Reading Katherine Kersten’s June 24 commentary “Sex and the single mind,” I kept feeling a more apt title would have been: “Why buy the cow when you can get the milk for free?” I cringe even writing that, but that seems to be her overarching point: that women can and should only expect love, respect and fidelity from men if they withhold sex until marriage.

As offensive as the implications of the article were toward women, I find them equally offensive toward men. Are we to accept that men must be coerced into marriage in order to behave like decent people? Are men incapable of treating women (or really anyone) with respect, affection and consideration unless they’re “getting something” for it in return?

Kersten makes the all-too-common mistake of focusing on the behavior and “mistakes” of women rather than those of men. I’m raising three boys, and it is my greatest hope that — with any luck and a lot of guidance from their parents — they will grow up to treat women (and everyone else, too) with respect, kindness and thoughtful consideration, especially in intimate relationships, regardless of whether they’ve “put a ring on it.”

Alyson Keith, St. Paul

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It is quite obvious that the men who have been accused of sexual harassment in the age of the #MeToo movement are a diverse group indeed: Republican, Democrat, Caucasian, black, Native American, gay, straight, etc. How, then, does Katherine Kersten expect us to take her seriously when she writes a very long commentary while only mentioning two of the accused: former U.S. Sen. Al Franken and former New York Attorney General Eric Schneiderman, both Democrats? How could she write this article while never once mentioning President Donald Trump?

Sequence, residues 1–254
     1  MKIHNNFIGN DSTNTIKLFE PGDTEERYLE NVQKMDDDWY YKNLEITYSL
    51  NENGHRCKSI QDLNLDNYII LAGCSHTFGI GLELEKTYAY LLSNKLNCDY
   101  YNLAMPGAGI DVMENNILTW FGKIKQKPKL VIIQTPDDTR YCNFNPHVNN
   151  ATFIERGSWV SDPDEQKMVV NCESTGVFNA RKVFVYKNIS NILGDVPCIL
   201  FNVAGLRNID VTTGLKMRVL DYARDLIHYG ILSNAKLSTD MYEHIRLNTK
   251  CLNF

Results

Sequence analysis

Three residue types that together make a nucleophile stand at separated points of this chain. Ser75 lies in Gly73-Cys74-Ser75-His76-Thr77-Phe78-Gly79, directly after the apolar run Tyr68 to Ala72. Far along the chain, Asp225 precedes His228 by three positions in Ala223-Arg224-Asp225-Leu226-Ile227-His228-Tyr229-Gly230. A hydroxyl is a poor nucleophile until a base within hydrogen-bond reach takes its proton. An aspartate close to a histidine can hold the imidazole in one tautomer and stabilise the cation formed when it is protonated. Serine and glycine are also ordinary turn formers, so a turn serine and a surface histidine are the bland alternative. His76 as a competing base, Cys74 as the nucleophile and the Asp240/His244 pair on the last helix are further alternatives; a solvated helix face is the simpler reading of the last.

In discussing Franken, she castigates Minnesota voters by saying they knew what they were getting (according to Kersten, a “boorish, potty-mouthed comedian”) but elected him anyway. She doesn’t mention what the voters knew before electing Trump. She describes Schneiderman as apparently believing that sexual abuse and violence are pleasing to women, while failing to mention the tape in which Trump said, among other crude things, “They let you get away with it.” She complains that our culture is awash in pornography while ignoring our president’s fraternization with porn stars and Playboy centerfolds, activities allegedly undertaken shortly after his third wife gave birth. She gives Trump a complete pass while seeming to indict just about everyone else, including feminists. I have seldom read an article so obviously hypocritical.

Martha Bordwell, Minneapolis

• • •

I agree with Kersten that gender relations are unlikely to improve until we see caring relationships as the purpose of sexual intimacy rather than physical pleasure. She accurately analyzes ills consequent to the sexual revolution — promoting pleasure as the supreme goal of sex and denying “differences in men’s and women’s needs, desires or vulnerabilities.”

She also hits the mark regarding women’s cooperation in their own degradation, but she did not give enough attention to the role of unequal power. Women give in when they do not really want sex because they have not shed a fundamental tenet of patriarchal training — subordinating their own desires to those of men.

The #MeToo movement deserves credit for focusing on unequal power in gender relations. But it does not address our society’s treatment of sex as a commodity, with women as the objects/products and men as the consumers. We could express power by refusing to let fashion dictate that, for women but not for men, “attractive” means sexy. How about some of the role reversal modeled in the animal world, where males strut their plumage and dance steps to attract the ladies? Consider an ad displaying a man’s genital area scantily clad in a clinging fabric.